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Veteran federal Judge Tom Lee was the...

Veteran federal Judge Tom Lee was the right jurist for a tough job

By: Sid Salter - March 27, 2024

Sid Salter

  • Columnist Sid Salter says Judge Lee’s sentences in the “Goon Squad” cases were tough but fair and sent a long overdue message.

Mississippians watched along with the rest of the nation to see whether justice would prevail in the so-called “Goon Squad” cases in which six white former Rankin County law enforcement officers pleaded guilty to torturing and terrorizing two Black men for hours after breaking into a home without a warrant.

The victims, Michael Corey Jenkins and Eddie Terrell Parker, were handcuffed, beaten, abused, and sexually assaulted with a sex toy. Jenkins had a gun placed into his mouth by one officer who pulled the trigger, leaving the victim with a lacerated tongue and a broken jaw.

Federal prosecutors argued that there was a strong racial component behind the attack. The defendants included former Rankin County Sheriff’s deputies Brett McAlpin, Christian Dedmon, Hunter Elward, Jeffrey Middleton, Daniel Opdyke and former Richland police officer Joshua Hartfield.

Their guilty pleas received, the six former lawmen faced Senior U.S. District Judge Tom S. Lee, the 82-year-old veteran of a few months shy of 40 years on the federal bench in Mississippi’s Southern District, for sentencing. Over those years, Lee has managed any number of high-profile, high-pressure cases without flinching.

Judge Lee is the scion of a family of distinguished Mississippi jurists from Scott County. His brother, the late Roy Noble Lee Sr., was appointed to a vacancy on the Mississippi Supreme Court in 1976 and served until 1993 – serving as chief justice from 1987 to 1993.

The Lee brothers’ father, the late Percy Mercer Lee, preceded his sons as a lawyer, district attorney, Circuit Court judge, and later as a justice of the Mississippi Supreme Court from 1950 to 1965 – serving the final two years as chief justice.

Former Mississippi Supreme Court Chief Justice Bill Waller Jr. described Roy Noble Lee’s leadership of the state’s highest court: “Some of the most significant advancements for the judicial branch of government during the 20th century were implemented under his leadership.

“He gave leadership to the enactment of legislation that created the Administrative Office of Courts and the Court of Appeals. The Court of Appeals, as he predicted, has been an excellent solution to allow timely disposition of cases and eliminate the backlog that had long plagued the appellate court.”

Judge Tom Lee, from the very beginning of his federal judicial tenure, has been called upon to render judgments in difficult, sensitive cases. Less than a year into his tenure, Lee heard the case of veteran State Sen. Tommy Brooks of Carthage, who was convicted after an 8-day trial of trying to extort $50,000 from the Mississippi Horse Racing Association for his legislative support on a bill to make pari-mutuel betting on horse racing legal in Tunica and Jackson counties.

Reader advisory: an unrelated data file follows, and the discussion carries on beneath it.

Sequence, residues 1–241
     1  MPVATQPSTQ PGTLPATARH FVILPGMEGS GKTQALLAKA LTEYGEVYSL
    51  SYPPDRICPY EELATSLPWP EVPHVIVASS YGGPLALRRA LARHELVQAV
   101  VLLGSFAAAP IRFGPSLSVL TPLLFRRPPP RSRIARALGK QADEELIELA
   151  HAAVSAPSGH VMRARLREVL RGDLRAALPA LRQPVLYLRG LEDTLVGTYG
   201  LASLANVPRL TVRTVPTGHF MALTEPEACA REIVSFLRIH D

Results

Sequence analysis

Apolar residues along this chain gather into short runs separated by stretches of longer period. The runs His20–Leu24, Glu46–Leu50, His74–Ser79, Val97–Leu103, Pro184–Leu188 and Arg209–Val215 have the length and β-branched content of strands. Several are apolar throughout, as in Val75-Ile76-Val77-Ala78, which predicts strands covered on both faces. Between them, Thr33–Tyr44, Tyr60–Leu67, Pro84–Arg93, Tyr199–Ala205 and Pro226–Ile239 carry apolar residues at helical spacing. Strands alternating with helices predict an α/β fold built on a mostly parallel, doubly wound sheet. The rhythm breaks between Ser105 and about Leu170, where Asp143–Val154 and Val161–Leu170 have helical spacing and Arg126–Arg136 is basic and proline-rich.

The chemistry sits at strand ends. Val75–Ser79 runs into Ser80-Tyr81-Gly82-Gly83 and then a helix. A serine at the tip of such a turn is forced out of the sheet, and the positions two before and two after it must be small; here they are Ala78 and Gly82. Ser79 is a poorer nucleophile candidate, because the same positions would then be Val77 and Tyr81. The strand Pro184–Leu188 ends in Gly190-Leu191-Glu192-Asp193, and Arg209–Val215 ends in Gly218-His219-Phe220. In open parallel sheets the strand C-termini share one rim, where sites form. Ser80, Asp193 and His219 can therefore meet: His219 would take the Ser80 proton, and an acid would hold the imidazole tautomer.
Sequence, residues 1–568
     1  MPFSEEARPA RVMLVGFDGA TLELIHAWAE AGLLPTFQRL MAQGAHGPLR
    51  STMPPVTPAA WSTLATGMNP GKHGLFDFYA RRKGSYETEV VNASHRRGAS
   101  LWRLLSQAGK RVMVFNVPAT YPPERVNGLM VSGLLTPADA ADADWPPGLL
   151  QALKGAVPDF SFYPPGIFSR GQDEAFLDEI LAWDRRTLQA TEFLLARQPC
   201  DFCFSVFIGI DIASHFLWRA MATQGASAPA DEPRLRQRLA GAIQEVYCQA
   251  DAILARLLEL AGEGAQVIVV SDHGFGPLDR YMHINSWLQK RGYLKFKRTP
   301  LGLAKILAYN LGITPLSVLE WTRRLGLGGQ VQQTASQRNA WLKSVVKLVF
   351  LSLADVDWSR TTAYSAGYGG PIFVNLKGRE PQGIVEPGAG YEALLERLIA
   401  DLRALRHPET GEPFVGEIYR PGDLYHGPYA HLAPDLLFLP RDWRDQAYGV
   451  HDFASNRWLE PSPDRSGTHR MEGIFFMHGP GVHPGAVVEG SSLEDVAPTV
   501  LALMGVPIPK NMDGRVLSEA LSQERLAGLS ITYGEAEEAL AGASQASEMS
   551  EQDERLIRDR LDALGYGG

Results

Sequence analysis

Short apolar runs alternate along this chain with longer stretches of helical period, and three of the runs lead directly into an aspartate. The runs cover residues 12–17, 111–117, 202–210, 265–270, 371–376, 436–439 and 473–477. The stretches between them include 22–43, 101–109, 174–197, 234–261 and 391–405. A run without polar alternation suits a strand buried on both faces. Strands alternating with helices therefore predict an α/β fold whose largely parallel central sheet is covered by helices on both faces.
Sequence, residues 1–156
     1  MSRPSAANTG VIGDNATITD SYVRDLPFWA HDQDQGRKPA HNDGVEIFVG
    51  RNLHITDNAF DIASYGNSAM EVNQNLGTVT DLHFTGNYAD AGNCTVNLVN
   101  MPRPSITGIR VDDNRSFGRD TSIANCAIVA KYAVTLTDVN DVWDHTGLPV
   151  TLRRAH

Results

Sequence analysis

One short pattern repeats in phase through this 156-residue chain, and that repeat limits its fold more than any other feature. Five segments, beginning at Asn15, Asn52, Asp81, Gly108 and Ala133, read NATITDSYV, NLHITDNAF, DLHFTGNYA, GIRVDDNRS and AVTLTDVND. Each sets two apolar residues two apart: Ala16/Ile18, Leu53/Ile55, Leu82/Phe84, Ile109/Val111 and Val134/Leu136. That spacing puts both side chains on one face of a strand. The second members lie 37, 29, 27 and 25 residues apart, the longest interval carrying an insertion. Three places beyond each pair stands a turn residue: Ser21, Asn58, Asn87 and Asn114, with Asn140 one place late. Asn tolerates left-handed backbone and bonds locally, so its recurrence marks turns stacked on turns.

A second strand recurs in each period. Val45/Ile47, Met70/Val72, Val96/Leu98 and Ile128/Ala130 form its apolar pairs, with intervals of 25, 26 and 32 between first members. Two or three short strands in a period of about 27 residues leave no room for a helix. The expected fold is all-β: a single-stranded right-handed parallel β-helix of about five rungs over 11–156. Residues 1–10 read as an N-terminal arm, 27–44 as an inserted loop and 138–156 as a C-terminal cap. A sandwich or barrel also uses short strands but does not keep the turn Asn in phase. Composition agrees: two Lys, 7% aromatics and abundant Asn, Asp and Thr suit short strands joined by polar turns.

Later in his career, Lee would oversee a Mississippi voting rights case that drew international headlines. In 2007, Lee ruled that activist Ike Brown, then the Noxubee County Democratic Party chairman, had violated the Voting Rights Act by engaging “in improper, and in some instances fraudulent conduct, and committed blatant violations of state election laws for the purpose of diluting white voting strength.” 

Brown appealed the ruling to the 5th U.S. Circuit Court of Appeals and a three-judge panel later affirmed Lee’s ruling in 2009, making the Brown case the first time that the Voting Rights Act was used to successfully allege voter discrimination by Blacks against whites. But Brown’s legal team called the prosecution a “concerted effort by the Bush Administration to interfere with the ability of Black voters to elect Black officials.”

The Fifth Circuit Court panel ruled Brown’s “conduct was undertaken with discriminatory intent: Brown’s statements indicate that he was primarily motivated by race.” 

Lee’s sentences in the “Goon Squad” were tough but fair and sent a long overdue message to the small segment of law enforcement officers who thought a badge shielded their kind of “law enforcement” from punishment.

Anyone surprised by Lee’s steady, even dispensation of justice in the “Goon Squad” cases has simply not observed the judge’s four decades of federal judicial service. Regardless of the complexities of the cases, Judge Tom Lee for some 40 years has followed the law and let the chips fall.

About the Author(s)
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Sid Salter

Sid Salter is a syndicated columnist. He is Vice President for Strategic Communications at Mississippi State University. Sid is a member of the Mississippi Press Association's Hall of Fame. His syndicated columns have been published in Mississippi and several national newspapers since 1978.